THE swingeing budget £12.5m budget cuts proposed by Darlington Borough Council have overwhelmingly been recommended for approval - although a final decision by the full council is yet to be made.

The authority has largely stuck by its massive package of cuts - despite widespread protests and opposition and suggestions of alternative money saving ideas to maintain services such as the libraries.

No department will escape unscathed with cuts to social services, health, libraries, street cleaning, children's centres, Christmas lights, flower displays and grass cutting.

However, Darlington for Culture - which has been fighting to save the library and arts provision - branded the final set of budget proposals "disappointing" and said its campaign was not over - urging the public to continue to protest and make their feelings known.

Recommended cuts include:

  • Closing the libraries at Cockerton and Crown Street and scrapping the mobile service and relocating services to the Dolphin leisure centre - resulting in 25 redundancies of library staff. The closure of Cockerton library is deferred until March 31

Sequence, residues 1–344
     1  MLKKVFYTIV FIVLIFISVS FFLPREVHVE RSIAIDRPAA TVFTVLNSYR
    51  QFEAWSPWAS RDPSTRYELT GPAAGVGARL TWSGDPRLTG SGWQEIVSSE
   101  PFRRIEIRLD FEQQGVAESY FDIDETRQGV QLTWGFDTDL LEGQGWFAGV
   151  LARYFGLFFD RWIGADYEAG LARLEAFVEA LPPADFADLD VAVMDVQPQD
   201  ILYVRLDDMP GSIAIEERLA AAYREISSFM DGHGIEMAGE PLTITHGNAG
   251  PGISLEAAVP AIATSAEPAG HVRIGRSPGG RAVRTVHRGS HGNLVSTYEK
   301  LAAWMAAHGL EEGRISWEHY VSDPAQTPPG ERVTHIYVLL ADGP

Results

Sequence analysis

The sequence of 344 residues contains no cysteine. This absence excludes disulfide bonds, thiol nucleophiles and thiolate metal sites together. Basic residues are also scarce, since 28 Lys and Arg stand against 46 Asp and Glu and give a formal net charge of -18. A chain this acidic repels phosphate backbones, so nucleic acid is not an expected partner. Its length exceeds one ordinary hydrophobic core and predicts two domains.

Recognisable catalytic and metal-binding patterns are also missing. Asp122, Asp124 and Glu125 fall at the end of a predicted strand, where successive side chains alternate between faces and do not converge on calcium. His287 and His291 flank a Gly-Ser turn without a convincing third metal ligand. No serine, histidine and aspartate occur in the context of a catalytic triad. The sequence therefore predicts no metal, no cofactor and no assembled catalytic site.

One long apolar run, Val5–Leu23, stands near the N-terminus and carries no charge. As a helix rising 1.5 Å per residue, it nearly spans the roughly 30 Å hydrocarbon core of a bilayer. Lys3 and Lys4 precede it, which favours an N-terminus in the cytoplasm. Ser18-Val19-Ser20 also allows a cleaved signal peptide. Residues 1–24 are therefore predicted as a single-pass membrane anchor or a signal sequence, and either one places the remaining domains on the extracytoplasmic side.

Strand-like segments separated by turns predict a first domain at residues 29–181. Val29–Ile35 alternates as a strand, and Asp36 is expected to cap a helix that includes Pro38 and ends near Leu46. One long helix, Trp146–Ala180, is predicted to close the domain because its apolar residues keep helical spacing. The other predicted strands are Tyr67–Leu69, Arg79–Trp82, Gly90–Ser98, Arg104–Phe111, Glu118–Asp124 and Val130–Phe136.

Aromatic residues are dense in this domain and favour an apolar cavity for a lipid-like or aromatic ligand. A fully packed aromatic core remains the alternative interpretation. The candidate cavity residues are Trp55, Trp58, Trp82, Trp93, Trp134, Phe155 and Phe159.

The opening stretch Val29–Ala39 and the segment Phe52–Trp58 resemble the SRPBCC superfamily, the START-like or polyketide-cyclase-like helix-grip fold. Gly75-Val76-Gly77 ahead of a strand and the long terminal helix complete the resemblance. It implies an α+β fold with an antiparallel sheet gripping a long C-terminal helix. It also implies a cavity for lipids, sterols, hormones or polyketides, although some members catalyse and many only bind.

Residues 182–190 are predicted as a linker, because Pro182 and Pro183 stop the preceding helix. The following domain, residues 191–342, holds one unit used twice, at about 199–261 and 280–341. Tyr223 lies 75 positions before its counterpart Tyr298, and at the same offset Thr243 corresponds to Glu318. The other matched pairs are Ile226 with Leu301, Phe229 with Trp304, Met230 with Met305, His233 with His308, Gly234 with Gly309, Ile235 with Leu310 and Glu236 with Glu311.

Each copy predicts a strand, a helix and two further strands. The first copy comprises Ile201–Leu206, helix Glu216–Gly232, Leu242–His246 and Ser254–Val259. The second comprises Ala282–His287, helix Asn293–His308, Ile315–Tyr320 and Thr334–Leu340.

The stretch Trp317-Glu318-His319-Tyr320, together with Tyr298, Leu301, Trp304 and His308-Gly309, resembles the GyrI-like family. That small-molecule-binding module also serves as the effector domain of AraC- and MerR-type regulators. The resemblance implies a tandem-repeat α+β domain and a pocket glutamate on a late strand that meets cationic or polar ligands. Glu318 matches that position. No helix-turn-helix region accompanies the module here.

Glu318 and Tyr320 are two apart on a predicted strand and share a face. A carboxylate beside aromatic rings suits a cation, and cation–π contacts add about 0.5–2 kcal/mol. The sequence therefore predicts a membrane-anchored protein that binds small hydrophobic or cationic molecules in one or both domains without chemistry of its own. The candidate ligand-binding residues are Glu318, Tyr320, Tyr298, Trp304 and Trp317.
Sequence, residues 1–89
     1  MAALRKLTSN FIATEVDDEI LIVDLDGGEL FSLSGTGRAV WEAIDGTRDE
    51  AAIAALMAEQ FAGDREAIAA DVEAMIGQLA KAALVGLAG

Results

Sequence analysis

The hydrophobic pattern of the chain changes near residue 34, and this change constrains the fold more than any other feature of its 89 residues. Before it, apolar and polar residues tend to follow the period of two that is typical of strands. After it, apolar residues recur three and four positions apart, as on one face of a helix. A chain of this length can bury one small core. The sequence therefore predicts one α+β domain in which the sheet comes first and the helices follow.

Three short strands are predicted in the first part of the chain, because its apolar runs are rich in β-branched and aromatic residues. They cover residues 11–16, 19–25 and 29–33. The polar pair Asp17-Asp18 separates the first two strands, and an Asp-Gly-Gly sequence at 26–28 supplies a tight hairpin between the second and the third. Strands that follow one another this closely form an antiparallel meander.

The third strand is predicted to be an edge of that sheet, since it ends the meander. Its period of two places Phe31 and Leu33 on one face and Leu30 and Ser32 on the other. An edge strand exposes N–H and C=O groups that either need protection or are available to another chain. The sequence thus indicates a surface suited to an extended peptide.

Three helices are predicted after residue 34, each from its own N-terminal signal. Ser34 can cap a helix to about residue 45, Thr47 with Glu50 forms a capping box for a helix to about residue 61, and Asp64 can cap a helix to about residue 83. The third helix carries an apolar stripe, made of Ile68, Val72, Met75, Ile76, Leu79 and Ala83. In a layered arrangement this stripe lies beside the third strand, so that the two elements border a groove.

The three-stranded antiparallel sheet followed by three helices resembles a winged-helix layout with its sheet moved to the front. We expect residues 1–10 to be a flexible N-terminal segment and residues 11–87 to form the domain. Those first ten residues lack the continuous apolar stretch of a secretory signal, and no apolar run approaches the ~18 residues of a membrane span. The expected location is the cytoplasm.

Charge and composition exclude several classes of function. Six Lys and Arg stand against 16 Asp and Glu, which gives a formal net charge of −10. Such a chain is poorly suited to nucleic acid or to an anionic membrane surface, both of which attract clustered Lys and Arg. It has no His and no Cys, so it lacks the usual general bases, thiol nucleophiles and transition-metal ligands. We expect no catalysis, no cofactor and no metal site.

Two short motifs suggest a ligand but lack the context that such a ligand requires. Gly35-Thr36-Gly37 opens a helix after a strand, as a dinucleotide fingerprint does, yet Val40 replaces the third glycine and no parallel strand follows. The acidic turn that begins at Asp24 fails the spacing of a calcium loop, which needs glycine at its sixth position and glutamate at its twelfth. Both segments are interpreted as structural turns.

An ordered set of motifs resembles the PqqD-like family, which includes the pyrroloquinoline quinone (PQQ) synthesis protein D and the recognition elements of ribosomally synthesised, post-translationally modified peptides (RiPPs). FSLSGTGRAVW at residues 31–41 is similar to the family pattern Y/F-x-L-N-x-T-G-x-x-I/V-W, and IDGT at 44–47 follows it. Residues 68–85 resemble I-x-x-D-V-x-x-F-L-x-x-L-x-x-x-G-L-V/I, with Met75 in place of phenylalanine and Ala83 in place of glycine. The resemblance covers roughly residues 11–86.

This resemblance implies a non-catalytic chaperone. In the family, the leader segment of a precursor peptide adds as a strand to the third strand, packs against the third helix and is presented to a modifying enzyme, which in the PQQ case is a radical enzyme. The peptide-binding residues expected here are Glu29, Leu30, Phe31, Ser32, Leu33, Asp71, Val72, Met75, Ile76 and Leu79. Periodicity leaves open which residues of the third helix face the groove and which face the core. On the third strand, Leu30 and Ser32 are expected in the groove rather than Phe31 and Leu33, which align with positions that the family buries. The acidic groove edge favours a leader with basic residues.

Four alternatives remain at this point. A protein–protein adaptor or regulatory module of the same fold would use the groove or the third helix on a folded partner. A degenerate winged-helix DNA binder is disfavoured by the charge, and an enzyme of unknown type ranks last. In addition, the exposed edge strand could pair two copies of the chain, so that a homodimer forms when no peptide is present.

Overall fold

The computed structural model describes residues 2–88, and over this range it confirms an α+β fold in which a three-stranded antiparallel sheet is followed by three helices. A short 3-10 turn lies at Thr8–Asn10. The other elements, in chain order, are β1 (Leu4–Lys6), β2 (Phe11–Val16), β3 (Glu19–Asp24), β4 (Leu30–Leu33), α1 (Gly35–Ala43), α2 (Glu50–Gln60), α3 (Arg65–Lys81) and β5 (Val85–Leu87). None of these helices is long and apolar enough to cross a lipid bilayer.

• A total of 111 redundancies involving council employees plus other possible job losses among private sector companies which will no longer be used or cut by the council
  • Council tax suggested to be set at 3.99 per cent for the next three financial years
  • Cuts to grass cutting - grass will only be cut every 39 days instead of 12 to 15 days - resulting in seven redundancies for parks staff 
  • Reductions to street cleaning. Staffing cut by 39 per cent from 31 to 19. Reduction in number of litter bins and frequency of emptying, litter picking, back lane cleansing. Resonse times to litter and fly tipping will reduce and "non core areas will deteriorate". This will result in 13 job losses
  • The town centre water feature will be switched off
  • No overall support to groups involved in parks and countryside management